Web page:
“It’s quite disheartening to hear from the Conservatives that Trudeau making this commitment is ‘irresponsible,’” Llewellyn says.

It may be politically difficult to push forward recommendations with serious costs attached, Llewellyn concedes, like those related to closing the funding gap between Canadian students off and on reserves.

“I personally think that it’s irresponsible not to make those commitments and seek out the ways in which we’re going to make this happen in this country,” Llewellyn says. “I think the biggest thing is to make that commitment and to come up with a strategy for action.”

Some have charged that the report contains recommendations — such as one to increase CBC funding to enable the broadcaster to support reconciliation — that are unrealistic or unrelated to residential schools and therefore should not be implemented as part of the government’s response to the report.

And some recommendations are simply outside the authority of any Canadian jurisdiction, regardless of the political will to enact them. Trudeau said on Wednesday that he will ask Pope Francis to formally apologize for the Roman Catholic Church’s role in running residential schools. One of the report’s recommendations is that the pope apologize for the church’s role “in the spiritual, cultural, emotional, physical, and sexual abuse of First Nations, Inuit, and Métis children in Catholic-run residential schools.”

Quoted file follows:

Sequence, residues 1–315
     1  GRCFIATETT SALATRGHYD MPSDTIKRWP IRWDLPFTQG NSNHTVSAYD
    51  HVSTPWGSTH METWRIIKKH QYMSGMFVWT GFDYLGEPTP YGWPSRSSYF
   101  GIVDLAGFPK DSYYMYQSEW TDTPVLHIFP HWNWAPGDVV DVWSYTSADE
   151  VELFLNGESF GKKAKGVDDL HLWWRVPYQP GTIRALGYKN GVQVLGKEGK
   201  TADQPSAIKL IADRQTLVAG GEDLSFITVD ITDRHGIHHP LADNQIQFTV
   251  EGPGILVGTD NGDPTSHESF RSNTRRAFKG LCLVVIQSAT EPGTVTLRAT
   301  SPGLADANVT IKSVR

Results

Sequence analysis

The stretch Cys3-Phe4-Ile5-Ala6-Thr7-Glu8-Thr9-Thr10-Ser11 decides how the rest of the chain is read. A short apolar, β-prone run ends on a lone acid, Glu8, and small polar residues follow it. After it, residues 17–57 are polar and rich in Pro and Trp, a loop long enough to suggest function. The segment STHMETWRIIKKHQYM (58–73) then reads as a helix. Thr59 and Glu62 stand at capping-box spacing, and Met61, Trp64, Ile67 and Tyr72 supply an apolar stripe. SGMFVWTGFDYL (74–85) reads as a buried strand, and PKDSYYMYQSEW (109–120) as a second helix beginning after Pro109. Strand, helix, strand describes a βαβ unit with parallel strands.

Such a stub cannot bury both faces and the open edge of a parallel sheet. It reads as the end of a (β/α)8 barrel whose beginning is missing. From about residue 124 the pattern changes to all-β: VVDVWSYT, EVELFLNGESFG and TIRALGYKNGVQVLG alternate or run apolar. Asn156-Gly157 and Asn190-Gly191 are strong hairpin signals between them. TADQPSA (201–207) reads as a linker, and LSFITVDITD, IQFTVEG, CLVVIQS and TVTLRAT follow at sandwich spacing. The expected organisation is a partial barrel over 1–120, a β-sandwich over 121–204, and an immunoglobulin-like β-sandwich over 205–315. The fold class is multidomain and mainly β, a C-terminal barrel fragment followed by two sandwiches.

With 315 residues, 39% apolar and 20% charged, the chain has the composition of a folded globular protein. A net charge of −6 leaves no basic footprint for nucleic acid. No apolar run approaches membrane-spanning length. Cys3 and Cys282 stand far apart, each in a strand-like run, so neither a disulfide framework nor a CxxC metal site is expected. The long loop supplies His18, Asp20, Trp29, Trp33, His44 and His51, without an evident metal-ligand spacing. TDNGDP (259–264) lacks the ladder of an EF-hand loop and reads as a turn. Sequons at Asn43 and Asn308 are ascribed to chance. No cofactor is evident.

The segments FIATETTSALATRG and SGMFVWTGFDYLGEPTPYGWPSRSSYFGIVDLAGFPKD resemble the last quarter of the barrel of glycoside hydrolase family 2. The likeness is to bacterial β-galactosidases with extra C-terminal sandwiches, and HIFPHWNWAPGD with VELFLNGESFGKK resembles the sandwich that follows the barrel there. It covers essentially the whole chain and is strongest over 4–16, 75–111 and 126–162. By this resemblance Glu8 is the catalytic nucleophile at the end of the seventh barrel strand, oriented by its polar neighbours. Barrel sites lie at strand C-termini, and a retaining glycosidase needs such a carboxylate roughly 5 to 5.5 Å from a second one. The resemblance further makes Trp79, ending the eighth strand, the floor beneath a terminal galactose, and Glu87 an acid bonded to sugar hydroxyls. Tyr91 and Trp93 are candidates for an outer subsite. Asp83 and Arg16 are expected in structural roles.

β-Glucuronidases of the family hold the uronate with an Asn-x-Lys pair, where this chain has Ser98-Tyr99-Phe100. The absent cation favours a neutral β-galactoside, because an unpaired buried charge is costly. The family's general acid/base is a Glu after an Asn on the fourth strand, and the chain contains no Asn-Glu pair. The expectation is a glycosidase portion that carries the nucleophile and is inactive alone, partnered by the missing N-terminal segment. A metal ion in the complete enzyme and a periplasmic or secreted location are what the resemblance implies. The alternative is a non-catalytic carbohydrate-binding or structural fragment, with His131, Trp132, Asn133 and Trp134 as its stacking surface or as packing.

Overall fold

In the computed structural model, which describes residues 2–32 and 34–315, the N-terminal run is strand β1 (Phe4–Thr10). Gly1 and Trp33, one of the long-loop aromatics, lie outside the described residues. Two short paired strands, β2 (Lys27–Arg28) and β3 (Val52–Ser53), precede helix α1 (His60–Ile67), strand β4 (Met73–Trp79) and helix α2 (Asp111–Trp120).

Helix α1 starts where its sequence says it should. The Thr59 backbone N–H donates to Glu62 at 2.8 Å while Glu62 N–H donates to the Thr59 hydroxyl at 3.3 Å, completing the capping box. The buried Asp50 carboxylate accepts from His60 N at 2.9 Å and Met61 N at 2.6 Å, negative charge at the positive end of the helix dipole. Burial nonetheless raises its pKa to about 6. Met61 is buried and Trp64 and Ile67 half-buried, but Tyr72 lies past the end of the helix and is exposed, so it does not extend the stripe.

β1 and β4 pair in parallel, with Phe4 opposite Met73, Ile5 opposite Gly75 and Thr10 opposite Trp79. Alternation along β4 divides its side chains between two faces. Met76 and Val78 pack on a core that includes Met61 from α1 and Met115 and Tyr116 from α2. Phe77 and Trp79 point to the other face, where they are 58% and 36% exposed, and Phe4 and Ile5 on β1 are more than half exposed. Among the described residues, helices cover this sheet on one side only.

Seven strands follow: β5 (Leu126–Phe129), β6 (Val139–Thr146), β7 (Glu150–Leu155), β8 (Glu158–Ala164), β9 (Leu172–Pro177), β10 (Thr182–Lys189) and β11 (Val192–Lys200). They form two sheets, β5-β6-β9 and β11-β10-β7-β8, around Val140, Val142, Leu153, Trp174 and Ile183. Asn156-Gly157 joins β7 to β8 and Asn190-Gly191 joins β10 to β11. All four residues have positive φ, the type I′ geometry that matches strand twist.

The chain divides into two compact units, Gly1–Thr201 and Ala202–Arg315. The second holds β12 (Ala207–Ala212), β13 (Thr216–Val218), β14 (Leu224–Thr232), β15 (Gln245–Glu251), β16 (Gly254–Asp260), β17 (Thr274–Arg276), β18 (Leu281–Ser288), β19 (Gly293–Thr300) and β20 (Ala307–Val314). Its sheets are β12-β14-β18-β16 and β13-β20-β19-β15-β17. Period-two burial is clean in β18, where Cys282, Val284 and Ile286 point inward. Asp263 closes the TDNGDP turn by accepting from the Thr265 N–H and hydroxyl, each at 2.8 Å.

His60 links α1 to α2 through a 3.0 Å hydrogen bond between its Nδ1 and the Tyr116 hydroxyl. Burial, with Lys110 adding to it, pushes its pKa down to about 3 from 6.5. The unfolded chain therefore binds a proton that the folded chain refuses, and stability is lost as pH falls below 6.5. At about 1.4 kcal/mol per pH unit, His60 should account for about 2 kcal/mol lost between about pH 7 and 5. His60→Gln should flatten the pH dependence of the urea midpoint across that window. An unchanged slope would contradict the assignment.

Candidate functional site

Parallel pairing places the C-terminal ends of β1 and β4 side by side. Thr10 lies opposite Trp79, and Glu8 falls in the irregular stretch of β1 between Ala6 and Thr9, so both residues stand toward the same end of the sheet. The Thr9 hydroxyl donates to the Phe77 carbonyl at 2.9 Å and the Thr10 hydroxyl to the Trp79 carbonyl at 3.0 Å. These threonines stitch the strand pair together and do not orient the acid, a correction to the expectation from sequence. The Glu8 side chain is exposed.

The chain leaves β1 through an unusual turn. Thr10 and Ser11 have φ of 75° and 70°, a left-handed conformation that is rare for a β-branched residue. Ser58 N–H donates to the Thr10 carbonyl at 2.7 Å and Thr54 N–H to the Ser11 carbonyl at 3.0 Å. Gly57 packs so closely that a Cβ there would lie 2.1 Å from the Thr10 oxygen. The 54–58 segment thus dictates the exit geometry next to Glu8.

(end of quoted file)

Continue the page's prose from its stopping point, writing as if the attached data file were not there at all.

At the same time, the prime minister conceded that he has no authority to compel the pope to apologize.

“I’m not going to pretend that it is my job to order other governments or other organizations to do anything, but I certainly look forward to a constructive engagement where we can address this issue, because quite frankly, there are multiple levels of different organizations that have a role to recognize in this terrible part of Canada’s past,” Trudeau said at a news conference on Parliament Hill on Wednesday.

And even if the pope doesn’t ultimately apologize, and if some recommendations are difficult to implement, there is important value in the national dialog and education spurred by the commission’s report, Llewellyn says.

“That has gone a long way already,” she says. “[Indigenous leaders] are giving Trudeau full marks for changing the tone of the discussion.”